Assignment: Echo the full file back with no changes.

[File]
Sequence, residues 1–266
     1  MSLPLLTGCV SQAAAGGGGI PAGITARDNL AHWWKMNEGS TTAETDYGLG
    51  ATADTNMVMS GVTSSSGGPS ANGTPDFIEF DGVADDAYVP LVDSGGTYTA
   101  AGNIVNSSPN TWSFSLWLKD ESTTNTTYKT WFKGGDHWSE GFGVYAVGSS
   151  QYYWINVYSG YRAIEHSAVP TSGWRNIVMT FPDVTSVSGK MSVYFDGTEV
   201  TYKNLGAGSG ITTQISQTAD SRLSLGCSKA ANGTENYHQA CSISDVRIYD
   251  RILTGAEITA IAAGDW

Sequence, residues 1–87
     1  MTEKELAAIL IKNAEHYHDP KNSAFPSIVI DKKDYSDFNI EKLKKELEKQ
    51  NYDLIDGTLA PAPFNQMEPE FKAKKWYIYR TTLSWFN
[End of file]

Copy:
Sequence, residues 1–266
     1  MSLPLLTGCV SQAAAGGGGI PAGITARDNL AHWWKMNEGS TTAETDYGLG
    51  ATADTNMVMS GVTSSSGGPS ANGTPDFIEF DGVADDAYVP LVDSGGTYTA
   101  AGNIVNSSPN TWSFSLWLKD ESTTNTTYKT WFKGGDHWSE GFGVYAVGSS
   151  QYYWINVYSG YRAIEHSAVP TSGWRNIVMT FPDVTSVSGK MSVYFDGTEV
   201  TYKNLGAGSG ITTQISQTAD SRLSLGCSKA ANGTENYHQA CSISDVRIYD
   251  RILTGAEITA IAAGDW

Sequence, residues 1–87
     1  MTEKELAAIL IKNAEHYHDP KNSAFPSIVI DKKDYSDFNI EKLKKELEKQ
    51  NYDLIDGTLA PAPFNQMEPE FKAKKWYIYR TTLSWFN